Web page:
First, I would like to introduce myself. I am the new Editor-in-Chief of YALS. I have been a YALSA member for 20 years, and YALSA has been a critical part of my professional life. I have been on numerous YALSA committees, both selection and process, and I served a 3-year term on the YALSA board of directors. In 2007, I was privileged to be able to guest-edit an issue of YALS, and I jumped at the chance to become the regular editor when the position came open this spring. I have worked in public libraries as a young adult librarian, a supervisor of adult and young adult services, a community library manager, and, most recently, as Deputy County Librarian for the Santa Clara County Library in California. Thanks to the YALSA staff and board of directors for having confidence in me.
I know I have a lot to live up to. YALS has just received an Award of Excellence from the APEX Awards for Publication Excellence, the second year in a row that YALS has achieved this honor. I am counting on you, the YALSA members, to help me keep this journal bright and fresh and full of interesting and useful articles. Please send your article ideas to me at yalseditor@ gmail.com. I am looking forward to increasing YALS’ web presence and giving new members an opportunity to share their experience and expertise with all of us.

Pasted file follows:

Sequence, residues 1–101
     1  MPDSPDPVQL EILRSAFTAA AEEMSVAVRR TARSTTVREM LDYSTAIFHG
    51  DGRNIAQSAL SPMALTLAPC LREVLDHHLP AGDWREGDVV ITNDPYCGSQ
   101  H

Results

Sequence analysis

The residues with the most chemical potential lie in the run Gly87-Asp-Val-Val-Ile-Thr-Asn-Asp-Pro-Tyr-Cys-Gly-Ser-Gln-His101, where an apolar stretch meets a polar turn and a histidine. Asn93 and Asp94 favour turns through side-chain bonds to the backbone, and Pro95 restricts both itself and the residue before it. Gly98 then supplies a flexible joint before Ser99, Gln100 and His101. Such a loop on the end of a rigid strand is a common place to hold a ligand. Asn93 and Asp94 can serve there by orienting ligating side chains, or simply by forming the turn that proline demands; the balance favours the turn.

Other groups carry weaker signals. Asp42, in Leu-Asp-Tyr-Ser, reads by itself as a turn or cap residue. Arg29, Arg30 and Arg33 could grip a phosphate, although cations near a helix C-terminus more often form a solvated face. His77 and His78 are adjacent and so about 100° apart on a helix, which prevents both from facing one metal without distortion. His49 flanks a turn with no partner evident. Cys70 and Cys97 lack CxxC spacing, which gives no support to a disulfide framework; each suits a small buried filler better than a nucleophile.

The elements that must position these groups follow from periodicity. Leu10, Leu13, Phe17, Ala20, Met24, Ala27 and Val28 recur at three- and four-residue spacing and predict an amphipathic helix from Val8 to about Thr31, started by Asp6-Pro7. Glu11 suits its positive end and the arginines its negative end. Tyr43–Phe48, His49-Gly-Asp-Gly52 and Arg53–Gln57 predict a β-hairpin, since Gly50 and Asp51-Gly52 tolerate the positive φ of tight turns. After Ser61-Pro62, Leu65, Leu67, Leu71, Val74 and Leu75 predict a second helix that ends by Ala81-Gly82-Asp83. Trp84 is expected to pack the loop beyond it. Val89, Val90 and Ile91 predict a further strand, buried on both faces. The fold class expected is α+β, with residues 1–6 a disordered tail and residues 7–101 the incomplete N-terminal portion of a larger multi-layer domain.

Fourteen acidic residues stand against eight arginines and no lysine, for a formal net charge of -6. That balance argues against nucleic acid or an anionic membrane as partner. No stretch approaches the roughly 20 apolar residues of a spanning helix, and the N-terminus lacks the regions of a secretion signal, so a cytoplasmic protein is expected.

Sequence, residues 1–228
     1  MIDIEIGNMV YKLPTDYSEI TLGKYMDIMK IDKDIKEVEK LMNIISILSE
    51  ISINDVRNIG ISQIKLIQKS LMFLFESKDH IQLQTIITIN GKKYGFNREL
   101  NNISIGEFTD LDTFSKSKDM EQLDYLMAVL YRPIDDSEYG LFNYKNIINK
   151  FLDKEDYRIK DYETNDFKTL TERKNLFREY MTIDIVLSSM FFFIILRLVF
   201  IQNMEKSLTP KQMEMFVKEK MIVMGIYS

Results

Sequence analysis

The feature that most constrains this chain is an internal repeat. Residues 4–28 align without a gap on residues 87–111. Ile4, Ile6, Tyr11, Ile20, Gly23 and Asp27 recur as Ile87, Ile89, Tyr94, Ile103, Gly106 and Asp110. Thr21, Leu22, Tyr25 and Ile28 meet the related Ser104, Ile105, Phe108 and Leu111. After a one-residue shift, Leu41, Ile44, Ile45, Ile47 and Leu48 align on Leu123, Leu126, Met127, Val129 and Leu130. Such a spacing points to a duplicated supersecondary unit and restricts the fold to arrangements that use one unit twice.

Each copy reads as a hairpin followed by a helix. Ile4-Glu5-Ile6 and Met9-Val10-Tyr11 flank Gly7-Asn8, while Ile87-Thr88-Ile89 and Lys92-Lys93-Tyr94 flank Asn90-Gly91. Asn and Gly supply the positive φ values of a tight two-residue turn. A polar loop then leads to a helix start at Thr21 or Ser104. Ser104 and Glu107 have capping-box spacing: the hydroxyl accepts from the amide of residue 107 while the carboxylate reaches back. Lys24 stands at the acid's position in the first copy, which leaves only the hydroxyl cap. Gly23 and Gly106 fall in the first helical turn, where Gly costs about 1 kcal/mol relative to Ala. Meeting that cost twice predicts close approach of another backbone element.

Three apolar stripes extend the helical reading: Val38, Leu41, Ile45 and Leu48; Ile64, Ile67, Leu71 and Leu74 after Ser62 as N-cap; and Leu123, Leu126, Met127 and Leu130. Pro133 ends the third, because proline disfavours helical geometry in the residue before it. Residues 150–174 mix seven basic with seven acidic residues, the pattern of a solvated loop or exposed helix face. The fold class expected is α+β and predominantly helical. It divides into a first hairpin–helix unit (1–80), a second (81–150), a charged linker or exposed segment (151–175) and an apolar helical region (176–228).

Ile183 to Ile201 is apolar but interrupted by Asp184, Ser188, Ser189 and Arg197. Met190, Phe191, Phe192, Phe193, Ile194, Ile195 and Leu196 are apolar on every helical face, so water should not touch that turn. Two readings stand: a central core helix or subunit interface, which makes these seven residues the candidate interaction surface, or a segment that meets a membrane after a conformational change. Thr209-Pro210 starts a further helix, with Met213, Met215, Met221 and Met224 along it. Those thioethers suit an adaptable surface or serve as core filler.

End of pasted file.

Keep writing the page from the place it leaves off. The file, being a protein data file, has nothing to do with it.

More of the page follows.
Now, more than ever, we need to rely on one another to provide the best possible service to teens in libraries. In tough economic times, libraries are often targets of budget cuts, and teen services can sometimes take a disproportionate hit. This issue of YALS will give you some ideas about how to cope. Check out Audra Caplan’s article on defending your young adult services budget and Charli Osborne’s ideas for coming up with teen programs that are successful and fun, but cheap! Find out what other librarians are doing to supplement their income. Amy Pelman and her Partnerships Advocating for Teens (PAT) committee have some suggestions about making your dollars go farther by collaborating with a school or public library in your area. Christine Ayar and Elsie Tep share ideas about how to stretch your YA resources. And because life goes on, good economy or bad, Jessi Snow gives you practical tips on working with foster youth in your community, Liz Burns has some important tips about something you may never have thought of–using large print books with teens, and Madelene Barnard shares some resources on bullying. I hope everyone finds something of interest or use in this issue and I hope that you will continue to share with me your ideas for future issues.
Meanwhile, please feel free to contact me, and look for me at Midwinter in Boston! YALS